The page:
French sculptor, painter, and poet Jean Arp was one of the most important sculptors of the twentieth century. He is best known for the leading role he played in the formation of the Dada movement in Zurich, Cologne, and Paris.
Hans Arp was born September 16, 1886 in Strasbourg. His father was German and his mother, Alsatian. After World War I, when the Alsace was annexed by France, his name was changed to Jean advocated by French law.
After completing his studies at the Strasbourg School of Applied Art, Jean Arp decided to focus on poetry, frustrated with the restrictive art techniques in his native Strasbourg. In 1904, he ventured to Paris seeking to have his poetry published. During his stay there, he was inspired by the modern art paintings which awakened his passion to create great art.
Fueled with enthusiasm, Arp studied at the Strasbourg School of Arts and Crafts, at Weimar in Germany from 1905 to 1907. When his studies were completed, he returned to Paris to attend the Académie Julian. In 1911, he contributed to the organization of an exhibition in Lucerne which showcased the works of artists such as Gauguin, Matisse, and Picasso. That same year, he met artists from the Blaue Reiter (a group of German painters fundamental to Expressionism), and in 1913 was invited to contribute works in the first Autumn Salon in Berlin along side Wassily Kandinsky and the German Expressionists. Jean Arp moved to Paris a year later, influenced by the cubist works of Picasso, Apollinaire, Modigliani, and Delaunay.
At the outbreak of WWI, the artist took refuge in Zurich, Switzerland in order to avoid being drafted, and exhibited his first mature abstracts and paper cutouts in 1915. Jean Arp met and fell in love with painter Sophie Taeuber, whom he married in 1921. The years in Zurich would prove to be time well spent as his artistic involvement resulted in the birth of Dadaism; an anti-art movement that protestest against the barbarism of World War I and traditional culture. His collages of torn paper and painted wood relief’s at that time were both whimsical in spirit and biomorphic in form.
In 1920, with the help of Max Ernst and Alfred Grünwald, Jean Arp set up the Cologne Dada group. Together they worked from the Cabaret Voltaire, a tavern transformed into a place where literary and poetry readings, as well as art exhibitions were held. As he began to experiment with automatic composition (automatism), his wooden abstract reliefs became even more abstract.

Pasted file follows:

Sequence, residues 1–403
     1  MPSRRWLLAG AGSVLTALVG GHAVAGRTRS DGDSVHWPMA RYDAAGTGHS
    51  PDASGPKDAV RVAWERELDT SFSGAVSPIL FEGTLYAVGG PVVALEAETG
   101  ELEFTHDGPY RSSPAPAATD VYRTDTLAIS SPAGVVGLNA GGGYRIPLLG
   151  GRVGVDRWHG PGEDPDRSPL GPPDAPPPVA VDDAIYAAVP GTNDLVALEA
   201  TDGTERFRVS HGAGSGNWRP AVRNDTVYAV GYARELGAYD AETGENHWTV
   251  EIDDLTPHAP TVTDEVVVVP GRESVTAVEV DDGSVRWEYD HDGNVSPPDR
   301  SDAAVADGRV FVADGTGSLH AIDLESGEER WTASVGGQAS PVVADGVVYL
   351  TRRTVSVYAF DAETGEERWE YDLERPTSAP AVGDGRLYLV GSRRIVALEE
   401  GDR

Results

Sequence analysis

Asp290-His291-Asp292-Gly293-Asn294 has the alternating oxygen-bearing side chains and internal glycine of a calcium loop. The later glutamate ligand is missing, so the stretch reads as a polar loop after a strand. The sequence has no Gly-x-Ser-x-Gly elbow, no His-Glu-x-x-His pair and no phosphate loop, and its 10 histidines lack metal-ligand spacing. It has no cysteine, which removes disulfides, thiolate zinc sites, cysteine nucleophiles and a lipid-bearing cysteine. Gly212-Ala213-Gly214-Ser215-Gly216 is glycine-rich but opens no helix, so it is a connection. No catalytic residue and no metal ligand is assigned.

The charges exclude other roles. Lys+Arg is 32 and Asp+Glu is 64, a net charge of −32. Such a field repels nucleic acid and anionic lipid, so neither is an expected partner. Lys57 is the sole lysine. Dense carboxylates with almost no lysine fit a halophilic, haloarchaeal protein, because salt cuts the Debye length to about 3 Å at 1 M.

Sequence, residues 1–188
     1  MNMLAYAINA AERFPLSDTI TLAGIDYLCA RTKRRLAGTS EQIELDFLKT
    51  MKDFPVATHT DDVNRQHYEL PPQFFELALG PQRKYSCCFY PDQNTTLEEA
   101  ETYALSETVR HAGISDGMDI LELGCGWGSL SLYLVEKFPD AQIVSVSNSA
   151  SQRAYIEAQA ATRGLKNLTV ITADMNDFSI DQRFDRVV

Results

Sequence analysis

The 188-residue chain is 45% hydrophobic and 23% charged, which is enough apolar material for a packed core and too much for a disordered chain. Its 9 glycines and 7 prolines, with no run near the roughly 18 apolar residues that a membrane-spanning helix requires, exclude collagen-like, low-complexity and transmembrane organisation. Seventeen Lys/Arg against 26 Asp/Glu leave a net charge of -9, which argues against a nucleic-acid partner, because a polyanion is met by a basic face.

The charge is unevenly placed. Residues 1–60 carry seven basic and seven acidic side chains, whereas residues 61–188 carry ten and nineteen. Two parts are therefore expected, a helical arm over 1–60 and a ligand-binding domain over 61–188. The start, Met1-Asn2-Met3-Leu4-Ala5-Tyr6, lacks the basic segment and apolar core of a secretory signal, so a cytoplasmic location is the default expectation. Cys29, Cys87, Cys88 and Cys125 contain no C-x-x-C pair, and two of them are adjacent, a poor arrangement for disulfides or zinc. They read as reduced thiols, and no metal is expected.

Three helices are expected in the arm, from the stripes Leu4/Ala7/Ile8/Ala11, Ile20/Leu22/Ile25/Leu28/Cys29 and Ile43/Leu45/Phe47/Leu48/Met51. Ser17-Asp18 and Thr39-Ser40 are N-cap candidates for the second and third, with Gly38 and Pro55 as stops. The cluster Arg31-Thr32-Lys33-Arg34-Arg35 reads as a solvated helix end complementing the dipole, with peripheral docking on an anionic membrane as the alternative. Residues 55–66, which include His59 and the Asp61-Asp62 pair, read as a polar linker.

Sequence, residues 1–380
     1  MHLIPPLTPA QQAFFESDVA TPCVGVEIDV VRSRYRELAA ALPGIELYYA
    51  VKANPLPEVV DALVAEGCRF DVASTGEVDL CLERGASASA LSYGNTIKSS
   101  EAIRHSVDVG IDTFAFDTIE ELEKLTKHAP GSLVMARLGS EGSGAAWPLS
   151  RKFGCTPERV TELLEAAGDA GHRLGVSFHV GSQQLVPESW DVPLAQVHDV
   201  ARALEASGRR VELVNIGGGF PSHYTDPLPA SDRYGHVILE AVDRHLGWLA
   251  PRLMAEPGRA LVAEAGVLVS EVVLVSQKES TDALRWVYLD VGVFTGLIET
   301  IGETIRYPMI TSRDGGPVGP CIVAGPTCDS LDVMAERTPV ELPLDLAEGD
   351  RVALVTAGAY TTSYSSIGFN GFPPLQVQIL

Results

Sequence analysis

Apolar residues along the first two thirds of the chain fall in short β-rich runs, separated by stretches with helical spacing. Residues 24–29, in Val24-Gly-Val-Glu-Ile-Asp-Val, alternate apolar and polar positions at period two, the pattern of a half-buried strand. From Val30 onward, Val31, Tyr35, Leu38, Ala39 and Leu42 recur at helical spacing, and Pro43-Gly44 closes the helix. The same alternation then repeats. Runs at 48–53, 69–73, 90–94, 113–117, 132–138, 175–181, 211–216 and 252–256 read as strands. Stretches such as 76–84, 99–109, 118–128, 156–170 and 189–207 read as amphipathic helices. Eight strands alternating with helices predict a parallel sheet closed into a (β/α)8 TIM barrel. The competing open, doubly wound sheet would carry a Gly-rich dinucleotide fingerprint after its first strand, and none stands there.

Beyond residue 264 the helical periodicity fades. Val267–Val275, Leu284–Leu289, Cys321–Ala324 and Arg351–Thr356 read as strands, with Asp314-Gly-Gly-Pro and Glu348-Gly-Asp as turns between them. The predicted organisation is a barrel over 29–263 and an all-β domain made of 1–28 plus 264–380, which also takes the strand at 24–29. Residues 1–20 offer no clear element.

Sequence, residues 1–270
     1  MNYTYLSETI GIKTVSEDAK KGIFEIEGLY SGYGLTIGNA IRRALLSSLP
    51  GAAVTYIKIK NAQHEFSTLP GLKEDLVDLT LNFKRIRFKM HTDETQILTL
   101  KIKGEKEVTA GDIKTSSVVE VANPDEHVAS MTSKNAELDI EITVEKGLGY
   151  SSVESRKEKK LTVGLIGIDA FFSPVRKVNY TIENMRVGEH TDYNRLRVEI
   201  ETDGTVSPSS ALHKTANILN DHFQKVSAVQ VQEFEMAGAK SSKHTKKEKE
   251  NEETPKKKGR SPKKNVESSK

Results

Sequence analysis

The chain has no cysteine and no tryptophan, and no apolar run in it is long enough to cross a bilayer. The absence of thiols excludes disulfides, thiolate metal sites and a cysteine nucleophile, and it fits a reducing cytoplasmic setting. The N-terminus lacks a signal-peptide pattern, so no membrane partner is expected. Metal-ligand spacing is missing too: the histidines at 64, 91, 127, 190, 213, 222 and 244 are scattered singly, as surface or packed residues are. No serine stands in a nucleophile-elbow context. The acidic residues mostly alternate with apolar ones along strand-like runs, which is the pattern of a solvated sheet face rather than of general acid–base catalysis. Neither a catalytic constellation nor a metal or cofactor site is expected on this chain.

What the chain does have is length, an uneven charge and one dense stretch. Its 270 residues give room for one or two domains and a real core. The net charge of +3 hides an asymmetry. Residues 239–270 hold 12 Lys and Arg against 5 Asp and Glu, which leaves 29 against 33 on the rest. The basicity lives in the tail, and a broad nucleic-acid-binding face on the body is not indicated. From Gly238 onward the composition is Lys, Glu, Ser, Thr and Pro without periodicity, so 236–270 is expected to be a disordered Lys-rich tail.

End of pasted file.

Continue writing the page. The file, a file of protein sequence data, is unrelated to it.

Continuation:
When Dadaism ended in 1919, Arp began to gravitate towards surrealism. In 1925, his work appeared in the first exhibition of the surrealist group at the Galerie Pierre in Paris. A year later, he moved to Meudon, a Paris suburb, where he became a founder of Abstraction-Creation in 1931. His organic forms, although simple in structure, became more severe and geometrical. He described his sculptures as "concretions" (something that has grown).
Jean Arp continued to explore art through poetry and was successfully published throughout his lifetime. In 1942, in an effort to escape German occupation, he moved back to Zurich until the war ended. His wife, Sophie Taeuber-Arp, died there a year later. After some time, he married art collector Margurite Hagenback.
A visit to New York City in 1949 featured a solo exhibition by the artist at the Buchholz Gallery. Nine years later, a retrospective of his works was held at the Museum of Modern Art. In 1950, he completed a monumental wood and metal relief for Harvard University in Cambridge, Massachusetts, whose praise won him the commission to create a mural at the UNESCO building in Paris.
Jean Arp enjoyed continued success. He won the Grand Prize for Sculpture at the Venice Biennale in 1954 and was exhibited at the Musée National d'Art Moderne, Paris, in 1962. Some of his most memorable works include: ‘Collage Arranged According to the Laws of Chance’ (1916-17), ‘Mountain Table Anchors Navel (1925), ‘Configuration’ (1933), and ‘Torso’ (1953). Jean Arp died on June 7, 1966, in Basel, Switzerland.